Every place tells a story because that is who we are. We explore our world every day, we name, we create, we re-create, we forge ahead. We add to the stories of the millions of people who have gone before us while we try to make sense of what they have left behind. Every story starts with us and they always start where we live.
So, where do we live? At one time, all roads may have led to Rome but, now, all roads are not roads. A quick internet search for an address will tell you the importance of the odonym, the street descriptor. In Northfield, there IS a difference between Jefferson Parkway and Jefferson Drive and Jefferson Lane and Jefferson Road. Searching for a house on Jefferson might take you to the correct destination, if you have the right house number and the specific or first name; in this case, Jefferson. However, since Northfield has more than one road with that name, the number might not provide enough information. Here, the generic or the second name, would be more helpful since Northfield has a few Jeffersons. So what are these second names and what is their purpose?
At vox.com, Phil Edwards and Gina Barton explain: “There are lots of exceptions to the rules we’ve listed, but in general, state departments of transportation, postal departments, city planners, and lexicographers have carved out a certain order to our road types.” They begin with the most general category, Road, a way that connects two points. Within the city you will find Streets, Avenues, and Boulevards. A smaller street found off these might be a Way and others with no throughway would be a Court, a Circle, a Place, or a Cul-de-sac. Longer scenic roads are noted as a Drive or a Parkway. Small narrow roads most often found in rural areas are a Lane opposed to a small pathway between buildings or an Alley found in a city. Outside the urban area you will find larger systems of roads connecting towns and cities designated as a Highway, Freeway, Toll Road, Causeway, or Interstate, depending on the location and purpose. Look at their video here for a helpful explanation.
Lawrence Kestenbaum offers some context for the story of U.S. urban development with his History of Street Names and Street Naming in North America. In early days, a Street was considered an urban feature and an assumed descriptor usually not included in the name such as College street rather than College Street. It was popularly used as settlements expanded until sometime in the 1880s when it was replaced by Avenue. A Street is a public way with buildings on both sides and an Avenue is a public way with buildings and trees on a side. According to vox.com, they tend to run perpendicular to each other. By the 1920s Avenue was replaced with Drive and by 1980, Drive was the established term for streets in residential sub-divisions.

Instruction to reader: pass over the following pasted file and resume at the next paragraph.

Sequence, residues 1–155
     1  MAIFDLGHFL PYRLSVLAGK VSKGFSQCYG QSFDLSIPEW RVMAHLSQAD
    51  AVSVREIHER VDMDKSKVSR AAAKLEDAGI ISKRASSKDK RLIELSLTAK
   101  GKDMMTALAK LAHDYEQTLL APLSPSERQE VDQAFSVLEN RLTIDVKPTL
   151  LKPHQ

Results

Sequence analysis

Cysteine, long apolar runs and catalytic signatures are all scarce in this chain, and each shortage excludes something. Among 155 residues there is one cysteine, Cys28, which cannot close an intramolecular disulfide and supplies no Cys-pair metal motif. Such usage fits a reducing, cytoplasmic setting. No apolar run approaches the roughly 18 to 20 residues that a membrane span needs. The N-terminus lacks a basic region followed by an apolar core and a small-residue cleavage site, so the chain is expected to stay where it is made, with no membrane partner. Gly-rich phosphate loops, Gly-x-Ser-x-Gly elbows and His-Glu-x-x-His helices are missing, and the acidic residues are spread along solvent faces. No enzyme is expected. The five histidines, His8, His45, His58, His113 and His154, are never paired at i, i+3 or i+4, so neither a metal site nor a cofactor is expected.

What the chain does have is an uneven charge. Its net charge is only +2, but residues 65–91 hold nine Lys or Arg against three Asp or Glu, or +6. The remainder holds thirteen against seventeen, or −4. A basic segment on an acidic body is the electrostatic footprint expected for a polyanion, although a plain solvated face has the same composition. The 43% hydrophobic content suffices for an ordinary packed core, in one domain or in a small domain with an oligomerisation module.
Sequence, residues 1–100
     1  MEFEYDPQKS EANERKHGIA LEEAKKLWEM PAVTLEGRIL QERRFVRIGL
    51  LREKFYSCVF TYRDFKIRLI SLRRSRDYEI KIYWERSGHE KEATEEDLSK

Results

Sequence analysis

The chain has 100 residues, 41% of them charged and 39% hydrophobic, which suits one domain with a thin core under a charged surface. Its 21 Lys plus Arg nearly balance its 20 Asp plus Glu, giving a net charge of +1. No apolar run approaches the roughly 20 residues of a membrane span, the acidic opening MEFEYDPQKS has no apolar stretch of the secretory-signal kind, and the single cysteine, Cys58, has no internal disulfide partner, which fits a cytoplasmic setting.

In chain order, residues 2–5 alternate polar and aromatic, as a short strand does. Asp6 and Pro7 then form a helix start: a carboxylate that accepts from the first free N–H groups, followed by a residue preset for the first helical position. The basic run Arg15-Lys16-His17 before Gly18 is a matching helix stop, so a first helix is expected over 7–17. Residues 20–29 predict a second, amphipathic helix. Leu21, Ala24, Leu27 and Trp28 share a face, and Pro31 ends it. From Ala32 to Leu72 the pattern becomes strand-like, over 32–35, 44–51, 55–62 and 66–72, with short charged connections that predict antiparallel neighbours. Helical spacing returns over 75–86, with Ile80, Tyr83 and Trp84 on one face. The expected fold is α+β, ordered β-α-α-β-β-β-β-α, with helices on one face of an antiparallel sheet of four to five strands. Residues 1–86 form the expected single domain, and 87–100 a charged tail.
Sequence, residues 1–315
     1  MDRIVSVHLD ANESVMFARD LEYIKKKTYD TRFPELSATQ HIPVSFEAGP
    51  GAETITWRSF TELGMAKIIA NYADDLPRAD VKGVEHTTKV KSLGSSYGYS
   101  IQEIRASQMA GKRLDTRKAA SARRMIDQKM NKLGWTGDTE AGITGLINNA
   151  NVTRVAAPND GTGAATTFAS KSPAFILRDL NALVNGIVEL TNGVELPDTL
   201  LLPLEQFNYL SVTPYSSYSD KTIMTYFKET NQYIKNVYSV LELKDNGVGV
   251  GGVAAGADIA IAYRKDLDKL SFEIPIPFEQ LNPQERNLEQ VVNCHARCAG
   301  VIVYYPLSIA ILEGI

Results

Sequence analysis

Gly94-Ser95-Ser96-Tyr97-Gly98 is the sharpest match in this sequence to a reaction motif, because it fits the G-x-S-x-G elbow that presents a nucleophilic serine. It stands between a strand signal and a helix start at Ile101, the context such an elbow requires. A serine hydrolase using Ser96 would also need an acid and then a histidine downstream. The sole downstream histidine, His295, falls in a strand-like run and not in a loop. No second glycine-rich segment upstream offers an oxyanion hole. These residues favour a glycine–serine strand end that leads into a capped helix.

City planning and street naming changed with the times. Revolutions in Intellectual thinking and architectural design impacted everyone everywhere. Early planners named streets after landmarks or obvious topographical features such as Bridge Square, Church, Court, Water or Hill. William Penn influenced the ordering of towns and street naming by instituting parallel roads in a grid form in Philadelphia in 1682, later popularized in the development of Western cities in the 1800s. He preferred using numbers and tree names rather than people’s names. Other towns followed suit; today most of the top twenty street names in the U.S. are numbers and trees. Since WWII, community developers, including real estate companies, have played a major role in naming streets finding that houses sell better when located on creatively named streets. Street names indicate the age or prestige or location of sections of the town. Most follow a theme and they all tell a story. Part Two will discuss some of those themes found in the streets of Northfield.
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